I'm just glad I stuck with the still-best audio technology around for stability - my vinyl gear - while a constant revolving-door stream of that wonderful new digital stuff keeps coming and going through my listening room as it obsoletes every few months. Technology has become so terrific that the freshest breath of air is ironically what does not have to be replaced so darn often! That's what has become a really a novel pleasure anymore. Call me old if you like, but I yearn for the stability of those days when things didn't change so much. Dynamics are wonderful, but at near 120 dB, we will have as much as we can possibly need...to go deaf if that's sustained. Broke, too.

dalethorn's picture

I like the idea of tech that removes redundant and unnecessary physical motions and other tedium. But I would prefer my music played as it is live. Somehow the idea of "immersive" sound seems like a gimmick - a distraction - unless the recording were engineered for that sound experience right from the start. Undoubtedly there will be wonderful recordings done for immersive listening, but for audiophiles who are still in stereo in 2014, the interesting thing will be partly how much the availability of great stereo recordings will diminish with time, partly how many tinkered and remixed versions of older recordings will appear that push the prior versions aside on the virtual shelves, and how many high-quality remasterings of great classic recordings won't get done due to prioritizing the 'new' sound. The second thing I mentioned is very important for persons who are exploring things that are new to them, and will have to wade through ever greater lists of junk to get to the better recordings. Stereophile may serve a greater purpose in the future, as an invaluable filter to help get people to those better recordings.

Alan Tomlinson's picture

Changing technology is a mixed blessing. When digital audio came out, it sounded truly repulsive(see Bop Til You Drop). Now there are genuinely excellent digital recordings and reproduction systems. One of the primary reasons that digital recording improved(as opposed to digital reproduction), is that a few excellent, highly-skilled recording engineers(e.g. George Massenburg) said 'this sounds like crap, how can I make it better?'. The reason that these engineers were able to change digital recording, is because they new how great recordings sounded and they new how great recordings sounded because they had worked in environments where it was possible to record bands together and therefore they were able to hear how those bands sounded in a favorable acoustic environment.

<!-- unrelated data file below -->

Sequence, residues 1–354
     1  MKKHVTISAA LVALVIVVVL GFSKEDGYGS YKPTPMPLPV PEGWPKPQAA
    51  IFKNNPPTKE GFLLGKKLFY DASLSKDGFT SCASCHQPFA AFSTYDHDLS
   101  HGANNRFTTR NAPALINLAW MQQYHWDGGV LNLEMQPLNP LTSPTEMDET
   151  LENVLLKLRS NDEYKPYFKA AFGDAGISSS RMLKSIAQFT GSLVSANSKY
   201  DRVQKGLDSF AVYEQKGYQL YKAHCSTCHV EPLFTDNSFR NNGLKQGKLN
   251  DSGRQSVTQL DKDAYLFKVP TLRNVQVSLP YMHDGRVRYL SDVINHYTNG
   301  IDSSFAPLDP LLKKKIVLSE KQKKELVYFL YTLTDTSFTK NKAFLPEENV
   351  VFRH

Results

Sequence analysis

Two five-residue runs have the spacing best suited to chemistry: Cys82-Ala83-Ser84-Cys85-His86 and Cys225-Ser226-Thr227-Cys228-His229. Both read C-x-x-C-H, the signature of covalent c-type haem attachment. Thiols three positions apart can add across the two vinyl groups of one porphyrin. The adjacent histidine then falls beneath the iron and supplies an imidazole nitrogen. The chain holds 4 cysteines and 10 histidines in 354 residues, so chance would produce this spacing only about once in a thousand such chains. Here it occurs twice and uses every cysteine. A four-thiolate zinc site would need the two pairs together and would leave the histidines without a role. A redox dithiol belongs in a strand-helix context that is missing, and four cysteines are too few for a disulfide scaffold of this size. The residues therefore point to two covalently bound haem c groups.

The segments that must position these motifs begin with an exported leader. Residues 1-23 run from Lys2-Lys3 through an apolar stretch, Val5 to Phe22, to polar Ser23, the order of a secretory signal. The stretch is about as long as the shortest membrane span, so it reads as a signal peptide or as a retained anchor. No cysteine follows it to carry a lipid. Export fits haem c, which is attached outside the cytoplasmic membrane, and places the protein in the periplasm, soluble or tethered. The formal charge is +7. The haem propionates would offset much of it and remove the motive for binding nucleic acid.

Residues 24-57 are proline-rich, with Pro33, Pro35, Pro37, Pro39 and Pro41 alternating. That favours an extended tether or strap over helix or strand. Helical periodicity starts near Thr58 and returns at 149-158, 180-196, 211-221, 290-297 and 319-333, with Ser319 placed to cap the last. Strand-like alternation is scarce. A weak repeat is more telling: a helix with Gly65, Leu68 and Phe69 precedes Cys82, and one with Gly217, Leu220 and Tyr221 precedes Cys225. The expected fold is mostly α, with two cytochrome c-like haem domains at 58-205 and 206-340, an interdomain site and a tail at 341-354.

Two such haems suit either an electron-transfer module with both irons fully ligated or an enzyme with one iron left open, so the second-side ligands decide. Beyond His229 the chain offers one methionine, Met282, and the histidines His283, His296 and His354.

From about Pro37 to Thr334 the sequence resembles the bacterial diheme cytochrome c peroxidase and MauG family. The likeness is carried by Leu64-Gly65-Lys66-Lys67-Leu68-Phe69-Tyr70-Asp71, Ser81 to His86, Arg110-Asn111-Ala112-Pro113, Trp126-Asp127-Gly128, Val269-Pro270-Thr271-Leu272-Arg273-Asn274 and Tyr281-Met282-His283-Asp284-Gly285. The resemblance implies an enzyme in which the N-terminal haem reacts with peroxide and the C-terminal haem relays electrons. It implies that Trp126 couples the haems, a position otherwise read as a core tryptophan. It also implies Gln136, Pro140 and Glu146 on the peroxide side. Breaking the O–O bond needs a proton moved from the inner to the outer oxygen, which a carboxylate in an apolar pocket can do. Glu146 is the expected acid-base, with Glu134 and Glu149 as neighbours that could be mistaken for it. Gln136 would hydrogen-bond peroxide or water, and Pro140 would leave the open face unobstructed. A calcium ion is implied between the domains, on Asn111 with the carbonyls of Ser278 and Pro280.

Many of these crucial aspects of fine engineering are gone. There are few good sounding recording rooms left which has led to the audio industry producing much less top-end equipment. More importantly though, there are few(er) people working in recording who actually know what a band sounds like in a good room and crucially, how to capture the sound of a band in a good room. Music lives through the connection of musicians playing together in the same place at the same time. That's not to say that it's impossible to do it without that, just that it's harder.

I have found very few recordings in the last 20 years that sounded really good that were made by anyone who hadn't come up in recording studios when there were a good many of them still around. Where will the quality recording engineers of the future come from when they have no idea how to make things sound good?

 

Cheers,

Alan Tomlinson

Rick Tomaszewicz's picture

...can't wait for ultra realistic, all immersive future performances that are BORING.  Too bad new music isn't evolving at the same rate as its recording and playback technologies. 

Maybe we expect less from new music than than we do from its delivery mode.  Do we really want to hear Bach, Miles, Frank and the Beatles etc. through yet another new and improved playback system?  And, each of these technical improvments often require the music to be repurchased in a new format at a higher price.